Facebook Cleaning Up ‘Like-baiting,’ Other ‘Spammy’ Posts on Your News Feed | Tier10lab
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Facebook Cleaning Up ‘Like-baiting,’ Other ‘Spammy’ Posts on Your News Feed | Tier10lab

Facebook Cleaning Up ‘Like-baiting,’ Other ‘Spammy’ Posts on Your News Feed
Xavier Villarmarzo

Facebook announced today that it is making a series of improvements to News Feed aimed at diminishing the number of posts users consider a nuisance or “spammy.”

In a post on Facebook’s official news page by software engineer Erich Owens and product manager Chris Turitzin, the social media giant will target three categories of what it calls “feed spam behavior”: Like-baiting, frequently circulated content and misleading or spammy links.

A post is considered “Like-baiting” when it specifically asks you to like, comment or share it. This, of course, is a way to “game the system” and increase the post’s probability of getting shown to not only more people, but also higher up in News Feed. According to Facebook’s research, these like-baiting posts are 15-percent less relevant to users than other posts with a similar number of likes. The company said that these posts “lead to a less enjoyable experience of Facebook since they drown out content from friends and Pages that people really care about” – something with which most users will agree.

Frequently circulated items, second on Facebook’s cleaning list, are photos or videos that are repeatedly updated on the network and keep appearing in users’ News Feed. The company said it will begin to de-emphasize those stories and cites early testing that shows this will cause users to hide 10 percent fewer stories from Pages.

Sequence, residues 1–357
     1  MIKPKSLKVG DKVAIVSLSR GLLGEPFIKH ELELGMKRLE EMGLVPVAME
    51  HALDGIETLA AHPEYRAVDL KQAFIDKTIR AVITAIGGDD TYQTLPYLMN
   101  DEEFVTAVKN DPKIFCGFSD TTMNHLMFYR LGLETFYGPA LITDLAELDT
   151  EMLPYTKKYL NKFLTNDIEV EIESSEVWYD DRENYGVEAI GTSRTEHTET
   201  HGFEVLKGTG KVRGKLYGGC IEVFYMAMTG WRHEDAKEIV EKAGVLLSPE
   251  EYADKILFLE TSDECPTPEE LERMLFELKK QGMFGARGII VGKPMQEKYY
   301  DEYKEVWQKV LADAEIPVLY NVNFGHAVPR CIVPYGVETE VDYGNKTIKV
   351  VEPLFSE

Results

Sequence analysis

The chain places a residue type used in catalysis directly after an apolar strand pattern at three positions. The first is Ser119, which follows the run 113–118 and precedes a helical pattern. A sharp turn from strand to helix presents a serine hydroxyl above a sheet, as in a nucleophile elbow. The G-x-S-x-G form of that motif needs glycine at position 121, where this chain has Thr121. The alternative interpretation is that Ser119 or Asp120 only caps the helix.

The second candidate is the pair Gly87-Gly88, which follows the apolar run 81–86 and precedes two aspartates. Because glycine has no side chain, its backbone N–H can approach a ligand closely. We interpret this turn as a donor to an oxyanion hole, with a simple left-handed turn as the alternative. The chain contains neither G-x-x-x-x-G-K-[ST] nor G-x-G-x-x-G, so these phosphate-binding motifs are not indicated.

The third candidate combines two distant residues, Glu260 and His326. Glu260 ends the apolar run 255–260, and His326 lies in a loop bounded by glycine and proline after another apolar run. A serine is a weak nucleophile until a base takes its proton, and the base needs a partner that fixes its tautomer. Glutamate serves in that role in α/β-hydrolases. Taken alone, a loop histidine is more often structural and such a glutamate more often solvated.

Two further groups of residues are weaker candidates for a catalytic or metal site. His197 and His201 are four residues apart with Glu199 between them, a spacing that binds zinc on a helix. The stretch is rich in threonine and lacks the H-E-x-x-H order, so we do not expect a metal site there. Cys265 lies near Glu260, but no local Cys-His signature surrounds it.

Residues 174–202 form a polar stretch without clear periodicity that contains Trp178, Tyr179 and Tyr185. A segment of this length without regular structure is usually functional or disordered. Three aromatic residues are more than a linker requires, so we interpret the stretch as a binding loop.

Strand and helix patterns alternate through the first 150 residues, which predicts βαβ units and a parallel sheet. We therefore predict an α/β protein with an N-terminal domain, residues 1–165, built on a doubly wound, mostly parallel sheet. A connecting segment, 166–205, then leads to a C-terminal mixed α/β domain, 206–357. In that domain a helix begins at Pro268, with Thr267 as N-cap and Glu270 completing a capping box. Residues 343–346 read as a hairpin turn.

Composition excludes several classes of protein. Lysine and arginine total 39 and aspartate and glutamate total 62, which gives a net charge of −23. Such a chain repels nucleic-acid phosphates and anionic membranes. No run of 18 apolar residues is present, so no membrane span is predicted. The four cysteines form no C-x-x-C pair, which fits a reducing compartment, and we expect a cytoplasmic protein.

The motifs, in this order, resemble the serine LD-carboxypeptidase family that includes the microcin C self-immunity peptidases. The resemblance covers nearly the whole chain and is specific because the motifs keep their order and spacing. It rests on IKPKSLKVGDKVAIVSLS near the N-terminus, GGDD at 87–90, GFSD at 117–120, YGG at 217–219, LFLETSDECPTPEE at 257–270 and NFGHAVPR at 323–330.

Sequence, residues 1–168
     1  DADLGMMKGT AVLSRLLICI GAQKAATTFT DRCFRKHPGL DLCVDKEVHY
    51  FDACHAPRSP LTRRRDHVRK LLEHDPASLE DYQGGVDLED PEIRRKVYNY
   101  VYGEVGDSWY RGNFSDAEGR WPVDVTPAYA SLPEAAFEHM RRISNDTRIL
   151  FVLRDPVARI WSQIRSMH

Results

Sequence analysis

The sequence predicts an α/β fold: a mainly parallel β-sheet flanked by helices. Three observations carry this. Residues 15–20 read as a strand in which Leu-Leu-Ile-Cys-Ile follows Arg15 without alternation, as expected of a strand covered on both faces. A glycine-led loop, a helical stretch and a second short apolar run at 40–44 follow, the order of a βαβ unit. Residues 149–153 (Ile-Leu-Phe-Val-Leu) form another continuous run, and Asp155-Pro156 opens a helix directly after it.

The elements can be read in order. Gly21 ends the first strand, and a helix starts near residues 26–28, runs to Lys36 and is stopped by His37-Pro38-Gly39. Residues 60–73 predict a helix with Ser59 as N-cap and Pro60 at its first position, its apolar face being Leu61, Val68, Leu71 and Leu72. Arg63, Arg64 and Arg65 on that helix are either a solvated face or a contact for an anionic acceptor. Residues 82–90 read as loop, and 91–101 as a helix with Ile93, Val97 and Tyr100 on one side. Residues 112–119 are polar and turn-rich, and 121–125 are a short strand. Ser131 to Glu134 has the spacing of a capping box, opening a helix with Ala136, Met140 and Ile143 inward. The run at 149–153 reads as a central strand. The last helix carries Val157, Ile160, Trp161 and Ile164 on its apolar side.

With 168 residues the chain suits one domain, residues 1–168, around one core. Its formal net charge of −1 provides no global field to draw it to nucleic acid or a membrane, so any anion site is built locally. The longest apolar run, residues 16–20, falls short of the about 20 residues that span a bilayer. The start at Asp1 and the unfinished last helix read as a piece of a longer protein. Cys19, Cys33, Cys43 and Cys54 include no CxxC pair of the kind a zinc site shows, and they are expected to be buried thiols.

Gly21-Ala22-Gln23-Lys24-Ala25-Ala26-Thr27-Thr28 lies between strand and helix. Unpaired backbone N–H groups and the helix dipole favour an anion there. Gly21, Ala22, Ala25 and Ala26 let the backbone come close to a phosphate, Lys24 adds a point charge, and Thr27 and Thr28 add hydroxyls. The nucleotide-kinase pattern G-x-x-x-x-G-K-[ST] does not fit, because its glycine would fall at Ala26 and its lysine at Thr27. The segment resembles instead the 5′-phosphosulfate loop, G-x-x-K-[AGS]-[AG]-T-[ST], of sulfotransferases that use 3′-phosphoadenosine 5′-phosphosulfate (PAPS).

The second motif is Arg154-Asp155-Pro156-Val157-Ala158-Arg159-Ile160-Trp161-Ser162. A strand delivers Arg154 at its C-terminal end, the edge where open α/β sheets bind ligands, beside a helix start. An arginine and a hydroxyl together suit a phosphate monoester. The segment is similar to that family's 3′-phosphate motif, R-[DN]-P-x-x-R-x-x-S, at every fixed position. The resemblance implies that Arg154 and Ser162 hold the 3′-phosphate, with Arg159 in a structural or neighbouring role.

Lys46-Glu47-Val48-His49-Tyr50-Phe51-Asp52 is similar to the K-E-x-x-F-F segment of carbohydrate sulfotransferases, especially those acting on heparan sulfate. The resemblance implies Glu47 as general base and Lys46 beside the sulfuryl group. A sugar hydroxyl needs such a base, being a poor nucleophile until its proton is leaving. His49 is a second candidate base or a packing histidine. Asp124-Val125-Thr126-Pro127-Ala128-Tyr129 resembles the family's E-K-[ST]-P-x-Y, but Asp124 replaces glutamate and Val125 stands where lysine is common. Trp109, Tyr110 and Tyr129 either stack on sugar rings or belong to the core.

Last and certainly not least on Facebook’s spring cleaning list are spammy links, which is music to the ears of many users who have been suckered into clicking on a link that has had dire consequences to their Facebook experience. This phase also targets posts that are intentionally misleading, which send you to a website that only contains ads or other frequently circulated content. In combating this, Facebook cites early testing showing a 5-percent increase in users clicking on links to take them off the social network.

Facebook ensures that this update will only affect pages and people that repeatedly and intentionally use the post tactics above. Those users will see their distribution decrease over the next few months. Conversely, Facebook said that users who don’t post feed spam may see a “very small increase” in distribution.

Facing competition from all sides, Facebook is doing everything to keep current users happy and growing the user base. Keeping News Feed relevant and trustworthy – i.e. less “spammy” – is certainly a step in that direction.